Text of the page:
You read that right.
Whipped goat cheese.
WHIPPED GOAT CHEESE.
How, you wonder, does one go about preparing such a culinary delight? Such a feast for the senses? Such a groovy thing to do with cauliflower?
Easy! It takes a little time, but that doesn’t change the “easy” factor. Here’s what you need for the cauliflower. I’ll talk about what to do with the goat cheese later, mostly because I’m evil and want to heighten your anticipation. Can’t bring it home too early, see. Anyway. Cauliflower.
- 2 1/2 cups dry white wine
- 1/3 cup olive oil
- 1 tablespoon kosher salt
- Juice from 1 lemon and juiced lemon remains
- 1 tablespoon unsalted butter
- 1 tablespoon sugar/honey/agave nectar
- 2-3 bay leaves
- 10 whole peppercorns
- 1 head of cauliflower, leaves removed
- 1 teaspoon red pepper flakes, optional
Cooking this cauliflower requires two steps; braising makes the cauliflower tender and infuses it with a variety of flavors, while roasting coaxes out the savory nuttiness and gives it a crusty texture. Plus, it looks and sounds elegant as hell. (Is that a legitimate term? Who cares. You all dig, I’m sure.) I’m a hearty advocate of making things that sound impressive to boost my cooking cred.
Oh, yeah. P.S., it tastes great.
Trim the cauliflower so it’s cleared of leaves and its stem is pared down so that the cauliflower can sit flat on a serving plate. Assemble all the ingredients you need for the braise.
When choosing the braising wine, make it as dry as you can stand. You don’t necessarily want the cauliflower to become oaky or sweet, you just want it to become fragrant and delicious. So go dry, and make it a decent bottle.
Put the wine, salt, butter, oil, lemon (juiced, and then toss in the halves as well because why not?), sugar, bay leaves, and peppercorns in a large pot and get them cooking over a high heat. I did add some red pepper flakes when I made my cauliflower but frankly, I didn’t think they brought much at all to the party, so meh, only add them if you’re really committed to their presence. When everything’s going along at a pretty steady boil, add the cauliflower. CAREFULLY, so you don’t cause a big splash and burn yourself with water and boiling oil.
If you think you still need a little extra cooking liquid in the pot, feel free to add some water or broth. Lower the heat to a simmer and let it cook for 15-20 minutes or so, until the cauliflower is soft enough to sink a knife in but still offers some resistance. You don’t want it to be mush, you just want it to be soft-ish. When it’s ready, take it out and let it drain.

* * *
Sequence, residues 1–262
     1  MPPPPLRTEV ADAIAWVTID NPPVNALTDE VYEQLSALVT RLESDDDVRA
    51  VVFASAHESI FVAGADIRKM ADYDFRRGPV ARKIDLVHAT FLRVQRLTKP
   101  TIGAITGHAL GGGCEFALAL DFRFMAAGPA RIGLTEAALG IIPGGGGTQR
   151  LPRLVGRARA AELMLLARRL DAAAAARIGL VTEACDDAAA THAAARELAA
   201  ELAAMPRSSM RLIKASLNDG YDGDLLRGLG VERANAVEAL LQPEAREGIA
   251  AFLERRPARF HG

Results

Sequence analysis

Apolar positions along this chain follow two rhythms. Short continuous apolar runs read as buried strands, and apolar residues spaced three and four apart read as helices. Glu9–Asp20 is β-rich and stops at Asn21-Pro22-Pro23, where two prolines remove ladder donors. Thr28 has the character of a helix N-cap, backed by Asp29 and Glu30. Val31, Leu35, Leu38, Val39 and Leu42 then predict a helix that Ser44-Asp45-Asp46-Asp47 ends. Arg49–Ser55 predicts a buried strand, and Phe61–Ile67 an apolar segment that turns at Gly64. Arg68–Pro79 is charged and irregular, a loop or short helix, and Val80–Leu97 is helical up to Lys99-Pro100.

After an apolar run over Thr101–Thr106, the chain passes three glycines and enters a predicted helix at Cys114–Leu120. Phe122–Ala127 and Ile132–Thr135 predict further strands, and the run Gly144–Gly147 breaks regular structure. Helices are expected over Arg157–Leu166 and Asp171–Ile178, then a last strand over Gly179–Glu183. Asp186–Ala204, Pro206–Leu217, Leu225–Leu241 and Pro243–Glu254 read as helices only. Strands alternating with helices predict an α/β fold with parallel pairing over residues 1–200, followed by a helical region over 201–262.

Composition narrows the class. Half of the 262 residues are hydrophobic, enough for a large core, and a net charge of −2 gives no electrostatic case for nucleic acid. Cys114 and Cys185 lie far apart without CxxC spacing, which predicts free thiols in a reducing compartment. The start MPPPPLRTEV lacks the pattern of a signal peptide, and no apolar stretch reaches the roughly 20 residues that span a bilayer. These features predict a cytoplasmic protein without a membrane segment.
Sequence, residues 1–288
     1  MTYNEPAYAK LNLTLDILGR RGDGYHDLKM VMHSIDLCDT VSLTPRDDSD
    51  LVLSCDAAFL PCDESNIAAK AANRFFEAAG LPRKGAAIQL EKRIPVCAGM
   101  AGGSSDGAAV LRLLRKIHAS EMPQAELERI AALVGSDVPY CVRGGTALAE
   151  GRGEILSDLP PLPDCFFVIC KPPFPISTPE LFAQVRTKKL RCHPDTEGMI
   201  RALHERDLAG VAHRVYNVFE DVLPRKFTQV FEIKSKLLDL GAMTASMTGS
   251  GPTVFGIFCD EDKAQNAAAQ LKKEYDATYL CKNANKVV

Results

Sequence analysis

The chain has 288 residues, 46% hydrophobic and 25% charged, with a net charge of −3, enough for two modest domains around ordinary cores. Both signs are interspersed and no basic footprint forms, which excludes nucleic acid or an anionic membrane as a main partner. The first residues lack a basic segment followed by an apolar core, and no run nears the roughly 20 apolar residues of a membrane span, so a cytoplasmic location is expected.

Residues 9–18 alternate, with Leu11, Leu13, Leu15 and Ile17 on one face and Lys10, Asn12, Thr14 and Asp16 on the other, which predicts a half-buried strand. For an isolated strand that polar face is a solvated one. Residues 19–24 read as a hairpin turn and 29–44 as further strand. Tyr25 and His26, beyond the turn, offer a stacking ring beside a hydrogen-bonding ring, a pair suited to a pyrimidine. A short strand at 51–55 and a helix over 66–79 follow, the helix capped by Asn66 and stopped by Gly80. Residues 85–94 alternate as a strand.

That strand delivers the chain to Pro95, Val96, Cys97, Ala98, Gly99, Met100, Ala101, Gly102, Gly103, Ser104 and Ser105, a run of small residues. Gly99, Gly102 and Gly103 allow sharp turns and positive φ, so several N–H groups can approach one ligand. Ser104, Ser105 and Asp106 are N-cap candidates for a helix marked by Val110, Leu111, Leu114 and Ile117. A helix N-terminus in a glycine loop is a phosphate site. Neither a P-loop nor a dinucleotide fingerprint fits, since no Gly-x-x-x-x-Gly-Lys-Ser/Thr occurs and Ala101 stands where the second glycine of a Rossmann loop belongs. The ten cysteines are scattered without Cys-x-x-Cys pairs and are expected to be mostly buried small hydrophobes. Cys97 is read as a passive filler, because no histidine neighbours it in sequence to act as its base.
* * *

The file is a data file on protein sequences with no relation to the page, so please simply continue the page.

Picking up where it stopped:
The nice thing about this dish is, you can park the cauliflower here for a while if you need to take care of other business in the kitchen; once the braise is done you’ll only have to worry about getting it in the oven when you’re in serious dinner-prep mode.
When you are ready for Phase Two: Roasting, make sure your oven is pre-heated to the not-messing-around temperature of 475° and that your oven rack is positioned roughly in the middle of the oven. Put the cauliflower in a baking dish, give it a light drizzle of olive oil and toss on some salt and pepper. Then? In it goes, for 30-40 minutes. Turn it once halfway through. You’ll want to pull it out of the oven when it’s nice and browned and toasty on the outside. It should look something like this:
While it’s roasting you can whip your goat cheese.
Because seriously, words fail. Just saying it is sexy: Whipped goat cheese. Yes! It’s that good. You need:
- 4 ounces fresh goat cheese
- 3 ounces cream cheese
- 3 ounces feta
- 1 tablespoon unsweetened Greek yogurt (or more, in the interests of a smooth and creamy texture)
- drizzle of honey
- Fresh-cracked pepper to taste
Measure out your ingredients.
And then…ready for this? Put all the ingredients in a food processor. Process.
I mean, taste it and see what you need to add. I don’t say you should add salt because feta and goat cheese are plenty salty on their own, but if you feel like the salt–or the pepper, or the honey–are lacking, then adjust accordingly. If you think it needs to smooth out a little more you can add some more yogurt, or some milk or water, but only do so in small increments so as to not make it too soupy. You want it to stick to the cauliflower, not run off. As further evidence that this may seem complicated but isn’t really, your goat cheese can be whipped ahead of time. I made mine the night before and it was perfect, I just had to let it warm up to room temperature and give it a couple of stirs to loosen it up.
Your guests, your family, your dining companions will be dazzled sho’ ’nuff when they walk in your kitchen and see this waiting for them.
It’s soft enough to cut with a serving spoon, so don’t be afraid to dive into the cauliflower, dress it with a happy dollop or seven of goat cheese and feast yourself silly. A dish this gorgeous makes every dinner better. Set aside a little time. It’s worth it, if for no other reason that it’s ultimately really simple and if you do what the dish requires (braise, roast, food process), you’ll look like a kitchen rock star.